Honoring a lost friend

After graduating from DHS in 2015, Maxwell Muessig attended the University of Vermont, later transferring to Michigan State University. During a storm, Muessig and his girlfriend were killed on impact when their car was crushed by an uprooted tree. The loss was difficult for their friends, family, and the community alike.

“Anybody who knew him loved him,” English teacher Andrew Frye said. “To know him was to love him. He was just that kind of a kid.”

Muessig’s close friends decided that something had to be done to memorialize him. Being the prolific writer with a unique sense of humor that Muessig was, the friends decided that it was best to have a scholarship writing contest to remember him.

“They came to me with the idea and it was done to find a student each and every year who in some way, shape, or form embodied what Max was able to just radiate: his energy, his positivity and his wicked sense of humor,” Frye said.

Some people have contributed to the Maxwell R. Muessig Scholarship with donations over the years, spanning from alumni to generous community members alike. The Muessig family has been the main support for the scholarship, but it couldn’t exist without the help of other donors.

“They have donated money and they have definitely shown some interest in this and supported this,” Frye said. “It’s obviously the Muessig family who’s really been kind of involved with this, but it extends far beyond them. It’s also kind of touched and affected the community in general.”

According to the Center for Education and the Workforce Recovery 2020 report, there will be 55 million job openings in the economy through 2020, 24 million openings from newly created jobs and 31 million openings due to baby boom retirements. 35 percent of the job openings will require at least a bachelor’s degree, 30 percent will require some college education or an associate’s degree and 36 percent will not require education beyond high school. Within the next five years, two of every three jobs will require at least a two-year degree.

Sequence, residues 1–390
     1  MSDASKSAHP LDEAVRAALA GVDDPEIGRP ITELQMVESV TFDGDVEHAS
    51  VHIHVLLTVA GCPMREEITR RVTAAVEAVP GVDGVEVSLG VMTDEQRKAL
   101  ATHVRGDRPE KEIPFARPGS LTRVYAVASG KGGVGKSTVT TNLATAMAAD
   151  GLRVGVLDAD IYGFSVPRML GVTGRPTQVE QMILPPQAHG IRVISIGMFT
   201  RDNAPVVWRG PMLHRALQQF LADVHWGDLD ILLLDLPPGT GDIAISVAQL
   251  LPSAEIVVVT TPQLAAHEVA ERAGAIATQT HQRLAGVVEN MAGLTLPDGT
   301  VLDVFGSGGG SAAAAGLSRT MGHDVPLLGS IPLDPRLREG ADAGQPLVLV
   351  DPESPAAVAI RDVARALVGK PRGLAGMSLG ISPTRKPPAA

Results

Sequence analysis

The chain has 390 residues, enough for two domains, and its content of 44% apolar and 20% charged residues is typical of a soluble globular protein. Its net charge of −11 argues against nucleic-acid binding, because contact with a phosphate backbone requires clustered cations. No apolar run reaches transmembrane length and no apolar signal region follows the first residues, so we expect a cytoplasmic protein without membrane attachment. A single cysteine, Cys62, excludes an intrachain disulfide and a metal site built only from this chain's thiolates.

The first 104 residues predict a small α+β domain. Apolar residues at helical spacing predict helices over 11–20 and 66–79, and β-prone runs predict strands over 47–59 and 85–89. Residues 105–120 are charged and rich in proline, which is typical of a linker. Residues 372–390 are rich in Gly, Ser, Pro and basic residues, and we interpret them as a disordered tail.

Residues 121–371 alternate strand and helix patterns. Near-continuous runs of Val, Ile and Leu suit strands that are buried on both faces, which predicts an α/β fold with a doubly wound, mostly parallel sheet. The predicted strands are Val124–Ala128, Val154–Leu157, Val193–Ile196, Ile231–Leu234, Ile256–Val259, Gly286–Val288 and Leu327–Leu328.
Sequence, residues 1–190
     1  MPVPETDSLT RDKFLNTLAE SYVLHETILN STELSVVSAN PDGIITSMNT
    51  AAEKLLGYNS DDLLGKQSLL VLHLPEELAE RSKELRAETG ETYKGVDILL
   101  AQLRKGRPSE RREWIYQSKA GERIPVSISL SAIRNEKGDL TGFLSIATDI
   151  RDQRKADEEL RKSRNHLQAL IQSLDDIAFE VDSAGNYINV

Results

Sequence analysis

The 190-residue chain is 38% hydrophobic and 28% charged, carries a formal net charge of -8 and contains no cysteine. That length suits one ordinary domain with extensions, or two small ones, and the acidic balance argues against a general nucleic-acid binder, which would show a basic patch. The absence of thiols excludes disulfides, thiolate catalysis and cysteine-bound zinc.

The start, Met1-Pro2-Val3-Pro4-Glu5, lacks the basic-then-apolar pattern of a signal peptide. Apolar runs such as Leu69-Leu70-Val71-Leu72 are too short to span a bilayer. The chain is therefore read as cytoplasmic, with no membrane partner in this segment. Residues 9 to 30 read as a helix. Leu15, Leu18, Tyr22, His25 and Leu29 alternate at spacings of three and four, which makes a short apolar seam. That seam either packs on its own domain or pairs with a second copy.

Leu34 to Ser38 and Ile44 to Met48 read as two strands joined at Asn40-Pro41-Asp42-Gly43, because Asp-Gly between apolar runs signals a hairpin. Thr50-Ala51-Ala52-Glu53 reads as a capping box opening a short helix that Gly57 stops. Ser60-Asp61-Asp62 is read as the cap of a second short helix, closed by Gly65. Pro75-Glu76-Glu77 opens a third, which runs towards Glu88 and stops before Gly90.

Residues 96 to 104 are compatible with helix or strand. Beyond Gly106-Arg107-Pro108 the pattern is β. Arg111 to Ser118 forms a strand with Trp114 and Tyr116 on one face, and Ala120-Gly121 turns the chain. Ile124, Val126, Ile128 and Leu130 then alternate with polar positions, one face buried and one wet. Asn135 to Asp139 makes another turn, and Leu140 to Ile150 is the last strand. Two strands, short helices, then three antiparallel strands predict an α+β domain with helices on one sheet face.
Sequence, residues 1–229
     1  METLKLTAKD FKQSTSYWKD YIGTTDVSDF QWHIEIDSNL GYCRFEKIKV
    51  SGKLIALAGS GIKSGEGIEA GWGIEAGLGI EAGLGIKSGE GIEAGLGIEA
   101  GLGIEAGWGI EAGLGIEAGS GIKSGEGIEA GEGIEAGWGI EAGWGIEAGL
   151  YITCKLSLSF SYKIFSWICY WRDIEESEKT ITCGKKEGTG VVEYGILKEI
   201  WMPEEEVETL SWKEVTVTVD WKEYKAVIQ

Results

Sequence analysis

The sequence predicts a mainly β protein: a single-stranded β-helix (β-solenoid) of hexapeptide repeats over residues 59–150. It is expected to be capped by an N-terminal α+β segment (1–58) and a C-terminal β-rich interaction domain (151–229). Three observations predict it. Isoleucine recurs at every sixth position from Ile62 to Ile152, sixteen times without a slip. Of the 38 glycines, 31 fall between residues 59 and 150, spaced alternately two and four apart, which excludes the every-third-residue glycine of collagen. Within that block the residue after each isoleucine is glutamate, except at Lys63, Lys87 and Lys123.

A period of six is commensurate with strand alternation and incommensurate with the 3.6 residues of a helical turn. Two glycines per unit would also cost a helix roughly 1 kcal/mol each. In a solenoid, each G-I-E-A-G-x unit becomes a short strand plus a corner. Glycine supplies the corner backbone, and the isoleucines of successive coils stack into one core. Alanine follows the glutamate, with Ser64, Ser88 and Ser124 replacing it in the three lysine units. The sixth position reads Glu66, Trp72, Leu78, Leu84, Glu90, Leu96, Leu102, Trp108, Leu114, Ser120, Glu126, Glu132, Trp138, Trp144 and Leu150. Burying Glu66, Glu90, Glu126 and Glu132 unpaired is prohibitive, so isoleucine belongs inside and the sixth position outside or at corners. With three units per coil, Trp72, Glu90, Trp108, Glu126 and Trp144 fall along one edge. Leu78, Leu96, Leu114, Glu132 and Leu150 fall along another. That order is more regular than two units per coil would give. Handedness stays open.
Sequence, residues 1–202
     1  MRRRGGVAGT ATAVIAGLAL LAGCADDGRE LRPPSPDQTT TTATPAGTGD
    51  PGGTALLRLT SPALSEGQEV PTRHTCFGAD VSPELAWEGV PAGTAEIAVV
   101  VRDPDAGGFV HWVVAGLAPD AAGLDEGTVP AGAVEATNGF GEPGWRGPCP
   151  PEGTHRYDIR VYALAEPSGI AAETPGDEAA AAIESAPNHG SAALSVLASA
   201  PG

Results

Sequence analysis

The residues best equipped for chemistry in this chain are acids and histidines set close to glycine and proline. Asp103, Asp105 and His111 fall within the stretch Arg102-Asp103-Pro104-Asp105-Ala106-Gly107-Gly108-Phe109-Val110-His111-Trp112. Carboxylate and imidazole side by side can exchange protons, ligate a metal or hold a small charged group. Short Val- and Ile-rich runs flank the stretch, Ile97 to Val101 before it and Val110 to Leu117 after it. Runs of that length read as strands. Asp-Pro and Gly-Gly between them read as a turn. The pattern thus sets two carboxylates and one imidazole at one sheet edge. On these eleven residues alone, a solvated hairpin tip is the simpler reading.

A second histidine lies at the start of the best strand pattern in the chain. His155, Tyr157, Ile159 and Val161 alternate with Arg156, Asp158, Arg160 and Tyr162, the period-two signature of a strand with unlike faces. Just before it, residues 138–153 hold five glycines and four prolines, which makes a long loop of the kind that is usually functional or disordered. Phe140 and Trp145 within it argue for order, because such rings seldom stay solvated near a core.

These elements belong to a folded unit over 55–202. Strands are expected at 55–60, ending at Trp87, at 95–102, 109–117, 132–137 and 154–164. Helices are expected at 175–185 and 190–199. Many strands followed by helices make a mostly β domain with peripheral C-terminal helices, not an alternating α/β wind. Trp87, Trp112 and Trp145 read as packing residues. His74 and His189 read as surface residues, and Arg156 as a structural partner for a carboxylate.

As a New York Times article describes, about half of Americans with higher incomes have a college degree. Among the poorest of Americans, fewer than one in 10 graduated from college. The gap is growing.

With college costs skyrocketing and state funding for universities falling, it’s no surprise that the number-one reason these students cite for dropping out is the impossibility of paying for school. Receiving even a small amount of scholarship money can help pay for college, and the Maxwell R. Muessig Scholarship can assist with that.
To be eligible for the scholarship, applicants must be a senior with college plans for after graduation. Specific requirements can be found on the insert. Students looking to apply can submit a satirical writing piece, song lyrics, a poem, a series of illustrations, and other forms of artistic work.

“It’s designed to give, at least, a college boost to those kids who seem to resemble or capture whatever elusive qualities made up Max,” Frye said.

Frye notes that the goal for the evaluation committee is to find a student to receive the scholarship who shares a similar sense of humor and creativity that Muessig had.

“There are some options presented,” Frye said. “Be able to [create] in a way that makes those people who are on the evaluation committee laugh and remind us of Max.”

Scholarship Information

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Anikka Thorson

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